The once highflying hedge fund
U.S. District Judge Laura Taylor Swain in
"These crimes clearly were motivated by greed," Swain said.
The judge said nearly $400 million earned illegally by one of the companies was a "staggering amount," reflecting a corrupt corporate culture.
In a statement, U.S. Atty. Preet Bharara said, "Today marks the day of reckoning for a fund that was riddled with criminal conduct."
The government said most money managed by the defendants from 1999 through 2010 belonged to the hedge fund's billionaire owner and founder,
Assistant U.S. Atty. Antonia Apps told Swain that the $900-million fine levied under the deal was believed to be "the largest fine imposed in an insider-trading case in history." In court papers, prosecutors called it an appropriate punishment that sends a "strong message of deterrence" to potential insider traders.
Representing the companies, longtime SAC General Counsel Peter Nussbaum told Swain the companies "accept responsibility for the misconduct of our employees."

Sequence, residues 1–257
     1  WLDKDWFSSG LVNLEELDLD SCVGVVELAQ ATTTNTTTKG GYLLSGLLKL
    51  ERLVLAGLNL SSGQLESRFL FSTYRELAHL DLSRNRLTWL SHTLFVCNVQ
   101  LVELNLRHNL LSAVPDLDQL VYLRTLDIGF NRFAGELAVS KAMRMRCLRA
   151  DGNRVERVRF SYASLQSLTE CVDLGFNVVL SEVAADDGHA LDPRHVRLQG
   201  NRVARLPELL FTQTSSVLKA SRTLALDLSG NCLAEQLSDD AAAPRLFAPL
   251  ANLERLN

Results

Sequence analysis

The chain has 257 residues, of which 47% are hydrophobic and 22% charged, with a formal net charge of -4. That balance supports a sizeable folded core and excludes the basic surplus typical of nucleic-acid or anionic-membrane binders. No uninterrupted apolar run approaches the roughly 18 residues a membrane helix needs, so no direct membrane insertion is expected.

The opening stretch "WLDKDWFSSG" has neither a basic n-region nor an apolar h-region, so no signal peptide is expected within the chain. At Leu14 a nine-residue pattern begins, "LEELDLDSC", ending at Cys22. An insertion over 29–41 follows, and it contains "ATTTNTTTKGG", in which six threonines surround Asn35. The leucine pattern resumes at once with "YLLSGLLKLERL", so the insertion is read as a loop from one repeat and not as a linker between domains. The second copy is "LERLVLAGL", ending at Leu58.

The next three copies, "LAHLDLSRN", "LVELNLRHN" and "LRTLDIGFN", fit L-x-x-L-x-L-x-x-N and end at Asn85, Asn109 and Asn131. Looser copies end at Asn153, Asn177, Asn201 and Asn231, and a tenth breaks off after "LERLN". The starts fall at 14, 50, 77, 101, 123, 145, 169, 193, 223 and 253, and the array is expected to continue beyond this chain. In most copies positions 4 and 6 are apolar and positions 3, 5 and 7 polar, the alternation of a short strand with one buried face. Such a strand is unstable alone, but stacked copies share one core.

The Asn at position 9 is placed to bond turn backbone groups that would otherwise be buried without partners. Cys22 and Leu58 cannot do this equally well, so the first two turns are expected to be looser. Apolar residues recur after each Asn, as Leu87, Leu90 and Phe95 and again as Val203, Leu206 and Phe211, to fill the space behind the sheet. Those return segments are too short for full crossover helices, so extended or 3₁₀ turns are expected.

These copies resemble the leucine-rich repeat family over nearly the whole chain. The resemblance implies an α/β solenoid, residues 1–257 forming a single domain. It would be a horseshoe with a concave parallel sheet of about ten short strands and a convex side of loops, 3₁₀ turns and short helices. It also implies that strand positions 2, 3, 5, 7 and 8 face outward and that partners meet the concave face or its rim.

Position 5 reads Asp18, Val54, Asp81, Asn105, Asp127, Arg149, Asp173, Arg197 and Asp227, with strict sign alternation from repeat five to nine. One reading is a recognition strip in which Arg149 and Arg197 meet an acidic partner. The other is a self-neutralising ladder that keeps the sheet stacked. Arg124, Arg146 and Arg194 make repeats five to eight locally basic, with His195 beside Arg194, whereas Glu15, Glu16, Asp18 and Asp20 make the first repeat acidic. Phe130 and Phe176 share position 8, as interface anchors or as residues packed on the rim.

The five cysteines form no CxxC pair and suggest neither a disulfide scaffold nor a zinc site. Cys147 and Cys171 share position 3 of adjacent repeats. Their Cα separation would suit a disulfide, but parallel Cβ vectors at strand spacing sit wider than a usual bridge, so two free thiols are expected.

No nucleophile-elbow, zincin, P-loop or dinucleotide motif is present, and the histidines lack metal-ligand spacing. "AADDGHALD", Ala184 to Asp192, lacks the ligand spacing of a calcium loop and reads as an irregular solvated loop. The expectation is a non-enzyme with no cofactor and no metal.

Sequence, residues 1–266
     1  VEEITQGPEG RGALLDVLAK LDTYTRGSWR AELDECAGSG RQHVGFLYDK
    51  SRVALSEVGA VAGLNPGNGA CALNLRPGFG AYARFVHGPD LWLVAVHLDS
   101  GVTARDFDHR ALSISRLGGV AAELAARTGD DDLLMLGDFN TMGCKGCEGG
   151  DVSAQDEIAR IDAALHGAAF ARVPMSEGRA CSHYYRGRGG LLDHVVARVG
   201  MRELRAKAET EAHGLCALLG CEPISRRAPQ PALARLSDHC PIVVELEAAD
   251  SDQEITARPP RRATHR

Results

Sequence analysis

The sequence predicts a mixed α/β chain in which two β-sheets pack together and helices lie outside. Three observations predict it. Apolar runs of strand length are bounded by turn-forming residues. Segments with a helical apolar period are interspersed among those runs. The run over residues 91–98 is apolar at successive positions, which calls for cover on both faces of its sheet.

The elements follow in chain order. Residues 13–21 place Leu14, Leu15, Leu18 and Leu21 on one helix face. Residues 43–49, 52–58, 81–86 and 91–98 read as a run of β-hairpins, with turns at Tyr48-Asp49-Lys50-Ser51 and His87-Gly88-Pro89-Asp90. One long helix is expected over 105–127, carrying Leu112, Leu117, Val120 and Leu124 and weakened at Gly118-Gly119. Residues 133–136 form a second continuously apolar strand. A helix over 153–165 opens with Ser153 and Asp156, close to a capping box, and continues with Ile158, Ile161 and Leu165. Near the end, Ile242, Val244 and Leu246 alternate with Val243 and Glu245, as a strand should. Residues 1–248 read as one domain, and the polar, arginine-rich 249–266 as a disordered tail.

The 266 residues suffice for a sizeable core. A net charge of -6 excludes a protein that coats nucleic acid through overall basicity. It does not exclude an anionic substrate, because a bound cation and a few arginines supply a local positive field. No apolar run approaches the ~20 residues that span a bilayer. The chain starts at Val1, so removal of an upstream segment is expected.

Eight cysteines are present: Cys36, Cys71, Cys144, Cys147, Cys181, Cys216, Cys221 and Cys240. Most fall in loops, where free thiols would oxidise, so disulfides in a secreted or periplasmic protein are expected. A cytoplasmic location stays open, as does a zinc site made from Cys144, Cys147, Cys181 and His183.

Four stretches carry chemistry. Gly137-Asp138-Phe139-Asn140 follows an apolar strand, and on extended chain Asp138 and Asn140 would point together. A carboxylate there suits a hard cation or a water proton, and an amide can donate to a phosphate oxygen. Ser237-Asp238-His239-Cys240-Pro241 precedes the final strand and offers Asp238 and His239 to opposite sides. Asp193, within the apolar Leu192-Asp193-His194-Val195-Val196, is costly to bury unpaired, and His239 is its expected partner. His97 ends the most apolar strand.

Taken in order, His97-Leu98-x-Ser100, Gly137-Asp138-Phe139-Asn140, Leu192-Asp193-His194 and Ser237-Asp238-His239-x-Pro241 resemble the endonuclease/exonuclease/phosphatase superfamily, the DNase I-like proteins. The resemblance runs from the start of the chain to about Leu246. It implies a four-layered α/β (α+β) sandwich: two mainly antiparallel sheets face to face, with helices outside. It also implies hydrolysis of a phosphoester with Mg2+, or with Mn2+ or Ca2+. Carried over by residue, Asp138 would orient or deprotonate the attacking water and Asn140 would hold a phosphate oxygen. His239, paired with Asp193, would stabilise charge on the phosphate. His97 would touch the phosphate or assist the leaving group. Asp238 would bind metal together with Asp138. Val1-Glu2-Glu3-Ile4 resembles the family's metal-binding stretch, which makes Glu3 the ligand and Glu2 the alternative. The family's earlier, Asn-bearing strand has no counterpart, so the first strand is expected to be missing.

At the sentencing's outset, drug maker
The deal between SAC and the government did not resolve a civil case that the
The government brought the charges after concluding that numerous SAC portfolio managers and research analysts engaged in insider trading in at least 20 publicly traded stocks. It said the illicit trading was "substantial, pervasive and on a scale without known precedent in the hedge fund industry."
Of the roughly $15 billion in assets that SAC Capital managed last year before the charges were made public, about half belonged to Cohen and his employees and half was client money.